Monday, January 30, 2006

Will Hamas govern?


Hamas won the election in Palestine this week, surprising everybody except the Palestinians. Amid widespread commentary in the media, nobody said that Hamas stole votes and nobody claimed any election fraud. It was a clear-cut, straight-up win for this militant faction, which is formally pledged to the destruction of Israel.

Aside from the danger of this pledge, consider its lunacy: Israel actually does exist, and yet Hamas says it does not. The Jews have lived in the Middle East since the beginning of history and long before the time of Mohamed. It must be their current independence that is so galling to the Arabs, and the Jews haven't been nice about it either, like they were in the past when they said "Excuse me for living," and their Arab masters sometimes found them to be useful, as long as they paid heavy taxes.

Now Israel exists independently – as plainly as Ariel Sharon's boots on the ground in the Negev Desert. Consider Sharon himself -- he lied to many people, but he never to lied to himself. He played the game of illusion throughout his political career, but he never believed those illusions. Sharon knew who he was, and he knew that his own life was no illusion. His was a life of sheer, exuberant, determined existence. Sharon’s life was quintessentially a fact – not a dream, or theory, or fantasy.

And then comes Hamas, spawning suicide bombers, those evil viruses walking into restaurants and bus stations, those poor fools who were willing to deny their own existence in order to deny the existence of other people.

But the Hamas strategy of suicide bombing did not succeed. In response to it, Sharon did not put up a smoke screen or a mirror, or call for a conference in order to discuss the issue. “What issue? What is there to debate?” Sharon might have exclaimed. He was not a religious man, but he surely knew the verse in the 43rd chapter of Genesis, when Jacob said to his sons that it is better “to live and not die.” Not to live well, or to live righteously, or to live in freedom, but first of all to live. Thus Sharon in no way improved the culture of Israel, but instead insured its continued existence.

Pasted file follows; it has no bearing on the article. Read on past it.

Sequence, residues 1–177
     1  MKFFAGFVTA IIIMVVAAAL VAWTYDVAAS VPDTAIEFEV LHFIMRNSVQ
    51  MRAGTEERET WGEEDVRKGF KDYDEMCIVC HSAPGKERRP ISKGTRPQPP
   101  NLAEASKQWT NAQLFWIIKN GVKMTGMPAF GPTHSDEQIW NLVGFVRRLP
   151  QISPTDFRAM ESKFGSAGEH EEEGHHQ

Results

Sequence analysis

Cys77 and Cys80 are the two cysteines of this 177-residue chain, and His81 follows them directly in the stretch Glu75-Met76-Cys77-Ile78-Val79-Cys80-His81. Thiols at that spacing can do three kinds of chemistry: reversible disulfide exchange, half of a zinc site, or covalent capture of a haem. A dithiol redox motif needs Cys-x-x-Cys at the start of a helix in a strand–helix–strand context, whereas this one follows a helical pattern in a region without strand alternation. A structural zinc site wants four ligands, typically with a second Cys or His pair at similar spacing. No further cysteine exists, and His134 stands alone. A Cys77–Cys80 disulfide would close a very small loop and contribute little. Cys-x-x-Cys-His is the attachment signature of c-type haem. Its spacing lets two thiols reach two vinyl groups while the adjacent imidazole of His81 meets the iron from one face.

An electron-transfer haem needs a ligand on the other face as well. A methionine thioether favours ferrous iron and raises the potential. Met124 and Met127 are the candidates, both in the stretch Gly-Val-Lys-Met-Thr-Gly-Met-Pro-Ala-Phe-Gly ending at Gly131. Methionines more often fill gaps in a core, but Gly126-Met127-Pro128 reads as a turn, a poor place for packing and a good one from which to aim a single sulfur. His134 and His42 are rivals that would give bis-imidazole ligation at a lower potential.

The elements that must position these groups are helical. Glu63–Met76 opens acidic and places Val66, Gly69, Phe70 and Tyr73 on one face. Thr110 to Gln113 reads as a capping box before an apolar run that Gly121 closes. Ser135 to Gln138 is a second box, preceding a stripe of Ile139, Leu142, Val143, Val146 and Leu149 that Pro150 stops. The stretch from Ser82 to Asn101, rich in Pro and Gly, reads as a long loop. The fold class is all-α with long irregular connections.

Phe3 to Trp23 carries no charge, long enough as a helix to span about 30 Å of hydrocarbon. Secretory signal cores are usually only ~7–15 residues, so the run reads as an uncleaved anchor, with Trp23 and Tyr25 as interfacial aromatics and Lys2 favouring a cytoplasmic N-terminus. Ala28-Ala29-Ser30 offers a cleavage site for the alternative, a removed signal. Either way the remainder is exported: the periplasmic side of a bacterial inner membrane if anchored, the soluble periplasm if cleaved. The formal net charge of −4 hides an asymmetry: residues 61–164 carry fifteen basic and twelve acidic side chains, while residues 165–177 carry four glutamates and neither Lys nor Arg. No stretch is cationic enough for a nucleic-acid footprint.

In order to do that, he erected a concrete wall between Israel and Palestine. You can call this concrete wall a symbol, yes, but a symbol of what? Of the division between two peoples? Perhaps, but I would say this concrete wall is not a symbol at all. It was not erected to be a symbol or to send a message, but only to keep suicide bombers out of Israel, and it worked.

So Hamas redirected itself and won the election in Palestine. This was a significant step closer to reality for Hamas, to go from suicide bombing to winning votes. Palestine cannot be different than America in this respect -- that all politics are local. Hamas cannot have won the vote based on their insane platform; they won because Palestinian voters could -- I hope this so much -- be making a pragmatic choice. I am hopeful -- this is subjective, I admit -- but I actually think that Hamas might actually choose to govern, that is, to mend sewers, build schools, and do those other mundane chores. Lord knows, Yassir Arafat never governed. Palestine. He never had time for it, he spent his life chasing twisted rainbows, and sold those dreams to his own people. Arafat built illusions, but he did not build a nation.

Hamas might be different. Is Hamas beginning to realize that denying the existence of other people is not a recipe for nation building? If Hamas chooses to govern rather than to pursue disastrous fantasies, then someday Palestine will exist as an independent state. Palestine will come down from its lunatic state and begin to take out the garbage and wash the windows and complain and suffer like the rest of it.
And the Palestinians will still be mad at the Jews who, after all, can be quite difficult to live with. Yet Israel exists.

Ariel Sharon lies on his death bed. He said, of the Palestinians, that he never trusted them. He said, of peace, that he had no hope for it. But he is leaving the possibility of trust and hope and peace for the people who come after him.

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